Volunteers for the Amr Ibn Al Aass brigade load their rifles during training on the outskirts of Azaz, in northern Syria. Miguel Medina / AFP
Volunteers for the Amr Ibn Al Aass brigade load their rifles during training on the outskirts of Azaz, in northern Syria. Miguel Medina / AFP

Conflicting interests have helped the war in Syria to continue



The war has been eating away at Syria for more than four years. There seems to be no end in sight, commented Taoufik Bouachrine in an opinion article in the Moroccan daily, Akhbar Al Youm.

Everyone realises that it is time to end the war. All nations, except those in the Arab region, negotiate and compromise to resolve conflicts, especially when a certain victory is unattainable. Arabs, however, keep fighting until the end, at times for nothing, the writer remarked.

The tragedy in the Syrian war in unimaginable. So far, about 350,000 people have been killed, more than a million injured and disabled, 7 million displaced within Syria and 5 million refugees have fled to other countries. A great deal of money will be needed to rebuild. Even then, it will take dozens of years to bring it back to what it was before 2011.

Unfortunately, these figures have not yet persuaded the conflicting parties, in Syria and elsewhere, to work towards ending the bloodbath, the writer noted.

The problem in Syria is that none of the parties considers it worth negotiating for what they have been sacrificing their blood and money for over the past four years. Every party wants to win over the opponent, which they consider the only possible reward for their sacrifices.

As it stands now, the Syrian conflict cannot possibly be won by military force. The Assad regime currently controls only 20 per cent of the territory and is incapable of defeating the opposition that comprises the Free Syrian Army, Jabhat Al Nusra, ISIL and many armed factions backed by Turkey, the US and GCC countries. Whenever the regime wins a round, aid is boosted to offset the scales.

Conversely, the opposition cannot enter Damascus or beat the regime, because the latter is supported by a minority Alawite sect that is fearful of extremists inside the opposition, as well as by Russia, Iran and Hizbollah. Again, whenever the Assad regime loses a site, fighters or supplies, backers funnel supplies and deploy fighters to ensure Bashar Al Assad remains in power.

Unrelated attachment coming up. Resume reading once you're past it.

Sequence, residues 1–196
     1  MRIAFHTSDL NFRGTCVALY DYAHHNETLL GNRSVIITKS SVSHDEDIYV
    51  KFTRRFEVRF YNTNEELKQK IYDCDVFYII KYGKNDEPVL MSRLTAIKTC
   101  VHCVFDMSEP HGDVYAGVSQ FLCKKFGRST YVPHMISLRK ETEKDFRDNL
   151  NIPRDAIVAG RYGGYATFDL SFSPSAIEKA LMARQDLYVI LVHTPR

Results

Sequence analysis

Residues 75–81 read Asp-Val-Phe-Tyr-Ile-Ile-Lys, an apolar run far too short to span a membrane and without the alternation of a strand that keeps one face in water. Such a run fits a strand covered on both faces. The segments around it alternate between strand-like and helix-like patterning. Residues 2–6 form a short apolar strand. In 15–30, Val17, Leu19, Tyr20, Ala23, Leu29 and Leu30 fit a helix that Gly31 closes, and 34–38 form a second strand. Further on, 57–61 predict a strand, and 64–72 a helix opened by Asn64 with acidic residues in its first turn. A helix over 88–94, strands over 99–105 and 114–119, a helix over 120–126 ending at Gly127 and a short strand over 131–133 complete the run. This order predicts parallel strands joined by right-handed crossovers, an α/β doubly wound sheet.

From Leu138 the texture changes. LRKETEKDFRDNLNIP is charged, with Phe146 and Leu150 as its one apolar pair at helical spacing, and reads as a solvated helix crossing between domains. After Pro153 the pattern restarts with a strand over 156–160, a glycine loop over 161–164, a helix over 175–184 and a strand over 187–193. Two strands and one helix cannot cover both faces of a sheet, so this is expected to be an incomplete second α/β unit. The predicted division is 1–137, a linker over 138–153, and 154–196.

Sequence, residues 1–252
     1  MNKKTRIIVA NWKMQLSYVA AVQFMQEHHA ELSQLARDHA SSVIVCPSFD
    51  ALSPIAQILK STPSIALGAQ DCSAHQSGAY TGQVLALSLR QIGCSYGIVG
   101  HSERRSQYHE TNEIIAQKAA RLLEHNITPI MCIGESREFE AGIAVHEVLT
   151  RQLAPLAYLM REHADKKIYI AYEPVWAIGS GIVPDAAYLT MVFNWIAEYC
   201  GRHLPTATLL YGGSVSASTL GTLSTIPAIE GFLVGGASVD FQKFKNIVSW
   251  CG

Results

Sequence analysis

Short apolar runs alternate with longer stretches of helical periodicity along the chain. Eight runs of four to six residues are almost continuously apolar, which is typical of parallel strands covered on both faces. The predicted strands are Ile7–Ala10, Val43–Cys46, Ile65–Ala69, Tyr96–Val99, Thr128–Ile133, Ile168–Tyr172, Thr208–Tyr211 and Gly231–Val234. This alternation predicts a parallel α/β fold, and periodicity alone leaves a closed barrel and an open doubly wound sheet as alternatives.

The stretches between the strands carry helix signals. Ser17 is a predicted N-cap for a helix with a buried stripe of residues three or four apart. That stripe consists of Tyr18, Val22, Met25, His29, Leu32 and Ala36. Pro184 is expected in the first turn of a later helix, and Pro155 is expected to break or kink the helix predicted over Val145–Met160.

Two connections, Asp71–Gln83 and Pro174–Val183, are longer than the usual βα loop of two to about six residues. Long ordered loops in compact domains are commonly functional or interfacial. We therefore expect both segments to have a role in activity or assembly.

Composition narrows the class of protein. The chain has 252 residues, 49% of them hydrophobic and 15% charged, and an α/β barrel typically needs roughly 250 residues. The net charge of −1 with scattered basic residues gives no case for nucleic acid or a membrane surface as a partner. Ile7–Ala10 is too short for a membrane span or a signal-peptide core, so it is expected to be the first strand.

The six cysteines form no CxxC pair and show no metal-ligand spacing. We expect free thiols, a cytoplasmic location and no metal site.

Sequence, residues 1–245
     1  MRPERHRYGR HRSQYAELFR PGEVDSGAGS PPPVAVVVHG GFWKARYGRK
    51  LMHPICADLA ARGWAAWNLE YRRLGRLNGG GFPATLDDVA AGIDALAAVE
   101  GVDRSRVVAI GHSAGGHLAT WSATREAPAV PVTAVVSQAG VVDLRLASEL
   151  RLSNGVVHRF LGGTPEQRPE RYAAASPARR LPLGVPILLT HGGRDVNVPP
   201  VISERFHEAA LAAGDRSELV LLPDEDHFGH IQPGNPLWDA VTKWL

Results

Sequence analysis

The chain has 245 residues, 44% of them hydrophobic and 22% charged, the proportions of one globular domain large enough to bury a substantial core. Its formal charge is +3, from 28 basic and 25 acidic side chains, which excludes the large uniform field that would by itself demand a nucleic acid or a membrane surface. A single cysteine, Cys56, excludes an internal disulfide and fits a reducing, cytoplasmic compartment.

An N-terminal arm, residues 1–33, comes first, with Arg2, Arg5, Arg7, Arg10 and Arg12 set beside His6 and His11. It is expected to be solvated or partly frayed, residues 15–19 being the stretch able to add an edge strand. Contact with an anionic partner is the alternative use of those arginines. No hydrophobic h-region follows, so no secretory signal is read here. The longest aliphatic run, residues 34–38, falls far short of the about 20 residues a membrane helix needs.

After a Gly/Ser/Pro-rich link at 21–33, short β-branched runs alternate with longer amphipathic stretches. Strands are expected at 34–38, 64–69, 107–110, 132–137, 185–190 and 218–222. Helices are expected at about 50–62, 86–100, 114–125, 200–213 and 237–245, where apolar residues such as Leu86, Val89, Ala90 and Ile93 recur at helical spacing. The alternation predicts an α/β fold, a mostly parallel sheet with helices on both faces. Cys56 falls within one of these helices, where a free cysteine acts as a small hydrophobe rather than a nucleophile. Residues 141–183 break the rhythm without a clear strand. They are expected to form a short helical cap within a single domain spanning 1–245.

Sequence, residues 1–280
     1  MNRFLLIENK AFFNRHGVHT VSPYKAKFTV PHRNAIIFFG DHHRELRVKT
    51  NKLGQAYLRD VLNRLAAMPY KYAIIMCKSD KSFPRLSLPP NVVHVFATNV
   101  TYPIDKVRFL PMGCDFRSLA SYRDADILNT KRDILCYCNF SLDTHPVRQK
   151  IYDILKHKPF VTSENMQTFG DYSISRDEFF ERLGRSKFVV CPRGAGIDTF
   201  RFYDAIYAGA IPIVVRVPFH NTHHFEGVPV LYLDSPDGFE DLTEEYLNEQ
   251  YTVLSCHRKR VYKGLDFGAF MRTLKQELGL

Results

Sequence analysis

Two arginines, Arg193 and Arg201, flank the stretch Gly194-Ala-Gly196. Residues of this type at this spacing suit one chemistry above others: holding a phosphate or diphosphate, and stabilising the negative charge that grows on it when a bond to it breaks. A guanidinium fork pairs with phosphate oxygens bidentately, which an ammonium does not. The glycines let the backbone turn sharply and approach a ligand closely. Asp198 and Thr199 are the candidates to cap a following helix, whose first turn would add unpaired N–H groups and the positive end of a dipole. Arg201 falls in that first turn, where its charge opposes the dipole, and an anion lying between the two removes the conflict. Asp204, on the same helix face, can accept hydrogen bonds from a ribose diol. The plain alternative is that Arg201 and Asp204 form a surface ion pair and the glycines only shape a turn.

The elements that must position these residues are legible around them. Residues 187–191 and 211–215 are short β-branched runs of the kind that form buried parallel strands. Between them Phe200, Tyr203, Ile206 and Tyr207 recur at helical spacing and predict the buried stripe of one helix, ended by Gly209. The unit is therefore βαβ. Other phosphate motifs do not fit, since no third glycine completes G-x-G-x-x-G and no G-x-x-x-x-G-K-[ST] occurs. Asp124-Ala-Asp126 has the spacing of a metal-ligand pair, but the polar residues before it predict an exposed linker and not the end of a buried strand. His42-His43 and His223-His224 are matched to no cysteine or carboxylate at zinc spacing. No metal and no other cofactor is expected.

The Assad regime, which has ruled the country with an iron fist for 50 years, cannot act independently because it survives because of its backers who must be part of the decision-making. Nor can the opposition independently decide anything, because of the same reason. It is this situation that has entrapped the Syrian people, the writer suggested.

On the one hand, president Al Assad wants a settlement that allows him to stay in power, while Iran wants a solution under which it retains Syria as a trump card to pressure the Gulf countries. On the other, the opposition wants a Syria without Mr Al Assad, Al Nusra Front seeks revenge for the Sunnis from the Alawites and wants to establish a theocracy and ISIL wants the mess to continue because it feeds its religious war and it aims to retain Al Riqqa and part of Syria on the border with Iraq as they are a strategic extension to its state in Mosul.

The end result of this situation is that all parties want to get from negotiations what they have failed to get from war: an impossible equation. Negotiations will move forward when all parties will feel they will lose and realise that a settlement will not give them all they want but it will stop their losses, Bouachrine remarked.

The Doha-based daily Al Sharq said in an editorial that Sunday’s summit in the Qatari capital, which had been attended by the US, GCC countries and Russia, might be an opportunity to announce a new political solution for the Syrian conflict, a solution that should exclude the key figures of the regime, including Mr Al Assad.

Meanwhile, the situation in Syria has been escalating. The US said it had used air power in defence of allied rebel groups, a sign of a deeper US involvement in the conflict. This intervention will add new pressure on the embattled Mr Al Assad, the paper said.

The US administration also said it would take “additional steps” to defend US-trained and equipped forces and warned the regime not to interfere. The outcomes of the summit suggest significant changes ahead in the political landscape of the region, and the messages sent by the participants could kick-start the process of a settlement, the editorial added.